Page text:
I presented on the Google Web Toolkit at the Boulder Denver New Tech Meetup tonight (presentation and useful links). It was a rush, as presentations always are. However, the adrenaline was compounded by two factors: the length of the presentation and the composition of the audience.
To present something as large in scope as GWT in 5 minutes was difficult. Though I’d been to 3 previous meetups, I didn’t have a good feel for the technical knowledge of the audience, so I aimed to keep the presentation high level. (The audience, on this particular night, was about 50/50 split between coders and non coders, as determined by a show of hands. However, almost everyone knew the acronym AJAX and what it meant.) This lack of knowledge compounded the difficulty, but I still feel I got across some of the benefits of GWT.
I’ll be writing more about what I learned about GWT in preparing for this, but I wanted to answer 3 questions posed to me that I didn’t have off the cuff answers for tonight.
1. Who is using GWT?
I looked and couldn’t find a good list. This list is the best I could do, along with this GWT Groups post. I find it rather astonishing that there’s not a better list out there, as the above list was missing some big ones (Timepedia’s Chronoscope, the Lombardi Blueprint system) as well as my own client: Colorado HomeFinder.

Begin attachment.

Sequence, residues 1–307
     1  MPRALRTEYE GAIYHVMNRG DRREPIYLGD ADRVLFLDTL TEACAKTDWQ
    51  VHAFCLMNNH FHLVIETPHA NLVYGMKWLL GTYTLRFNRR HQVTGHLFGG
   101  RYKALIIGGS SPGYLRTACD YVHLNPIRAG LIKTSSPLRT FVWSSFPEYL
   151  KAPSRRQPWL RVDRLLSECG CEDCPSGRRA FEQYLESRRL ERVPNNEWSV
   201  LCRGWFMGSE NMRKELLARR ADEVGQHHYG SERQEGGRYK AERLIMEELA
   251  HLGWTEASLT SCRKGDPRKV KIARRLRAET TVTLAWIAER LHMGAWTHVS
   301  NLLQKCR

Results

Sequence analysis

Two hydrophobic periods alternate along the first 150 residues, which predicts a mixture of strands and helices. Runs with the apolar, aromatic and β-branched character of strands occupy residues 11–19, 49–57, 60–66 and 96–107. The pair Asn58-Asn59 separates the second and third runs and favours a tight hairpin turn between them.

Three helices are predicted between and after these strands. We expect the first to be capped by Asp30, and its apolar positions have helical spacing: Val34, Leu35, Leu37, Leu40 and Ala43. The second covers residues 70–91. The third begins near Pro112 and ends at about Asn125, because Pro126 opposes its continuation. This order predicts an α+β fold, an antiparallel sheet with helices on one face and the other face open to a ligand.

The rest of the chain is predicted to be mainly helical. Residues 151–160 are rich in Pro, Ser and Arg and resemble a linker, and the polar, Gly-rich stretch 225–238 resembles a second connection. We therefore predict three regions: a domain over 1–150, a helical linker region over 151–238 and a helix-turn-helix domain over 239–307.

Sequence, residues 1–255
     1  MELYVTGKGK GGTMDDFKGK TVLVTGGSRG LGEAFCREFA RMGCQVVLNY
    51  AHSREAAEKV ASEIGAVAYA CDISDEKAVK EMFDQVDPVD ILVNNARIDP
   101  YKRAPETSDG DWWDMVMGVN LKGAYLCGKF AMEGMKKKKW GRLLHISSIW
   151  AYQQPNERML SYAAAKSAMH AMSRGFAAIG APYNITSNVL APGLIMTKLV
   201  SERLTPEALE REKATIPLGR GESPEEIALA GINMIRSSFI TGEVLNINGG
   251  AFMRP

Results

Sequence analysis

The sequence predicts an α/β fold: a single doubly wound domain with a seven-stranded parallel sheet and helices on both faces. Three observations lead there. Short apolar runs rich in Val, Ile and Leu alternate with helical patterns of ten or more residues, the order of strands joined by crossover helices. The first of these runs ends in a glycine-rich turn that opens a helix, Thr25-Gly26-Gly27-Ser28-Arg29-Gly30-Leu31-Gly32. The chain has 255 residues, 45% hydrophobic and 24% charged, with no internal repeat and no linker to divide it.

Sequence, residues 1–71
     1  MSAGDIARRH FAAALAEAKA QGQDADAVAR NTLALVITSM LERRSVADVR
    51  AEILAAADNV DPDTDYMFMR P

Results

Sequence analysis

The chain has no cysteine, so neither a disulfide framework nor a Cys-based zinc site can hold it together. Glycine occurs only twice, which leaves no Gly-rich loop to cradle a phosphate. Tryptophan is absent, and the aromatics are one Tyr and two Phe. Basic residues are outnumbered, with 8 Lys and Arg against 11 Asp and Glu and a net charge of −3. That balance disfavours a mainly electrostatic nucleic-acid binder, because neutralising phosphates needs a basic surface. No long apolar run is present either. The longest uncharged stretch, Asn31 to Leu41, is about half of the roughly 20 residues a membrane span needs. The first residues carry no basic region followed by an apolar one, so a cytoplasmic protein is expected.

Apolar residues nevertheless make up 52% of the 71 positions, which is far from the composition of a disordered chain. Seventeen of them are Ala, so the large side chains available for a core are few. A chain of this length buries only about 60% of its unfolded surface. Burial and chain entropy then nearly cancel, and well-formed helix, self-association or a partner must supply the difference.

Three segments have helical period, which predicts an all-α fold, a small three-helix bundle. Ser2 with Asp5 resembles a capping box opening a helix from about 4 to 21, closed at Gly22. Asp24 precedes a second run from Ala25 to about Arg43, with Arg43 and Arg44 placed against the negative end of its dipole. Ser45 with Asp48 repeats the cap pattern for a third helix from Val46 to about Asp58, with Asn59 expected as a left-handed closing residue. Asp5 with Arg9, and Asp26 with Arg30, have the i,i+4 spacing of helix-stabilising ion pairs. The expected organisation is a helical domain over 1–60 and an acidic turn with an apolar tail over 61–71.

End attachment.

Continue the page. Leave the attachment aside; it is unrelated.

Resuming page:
2. How much time does the compilation process add?
I guessed on this tonight but guessed too high. I said it was on the order of 30 seconds to a minute. On my laptop (2 cpu/2 ghz/2 gb of ram box) GWT compilation takes ~7 seconds to build incrementally (from ant, which appears to add ~2 seconds to all of these numbers) and ~21 seconds to build after all classes and artifacts have been deleted. This is for 7400 lines of code.
3. How does GWT compare to other frameworks like Dojo and YUI?
I punted on this one when perhaps I should not have. From what I can tell, GWT attacks adding dynamic behavior to web pages in a fundamentally different way. Dojo and YUI (from what I know of them) are about adding behavior to existing widgets on a page. GWT is about adding objects to a page, which may or may not be attached to existing widgets. I’ll not say more, as I don’t have the experience with other toolkits to speak authoritatively.
Also, here’s an AJAX toolkit comparison that I found.
[tags]gwt presentations, unanswered questions[/tags]
Oh yes, and if the folks at the new tech meetup are any indication, there’s a tight job market in technology in the area. 6 folks stood up looking for people (developers, designers, etc) but no one stood up looking for a job.
The compilation time (2.4ghz core 2, 2 gigs ram, 7200rpm hd)
can vary quite alot, seen it sometimes at 30 seconds, sometimes as high as 8 minutes
Yeah, and GWT 1.5 makes compilation time worse. A lot worse. (It also increased the size of my GWT js downloads.)
But, as they say, they aren’t optimizing for developers, rather, they “want to make the web better for users”: http://code.google.com/webtoolkit/makinggwtbetter.html#introduction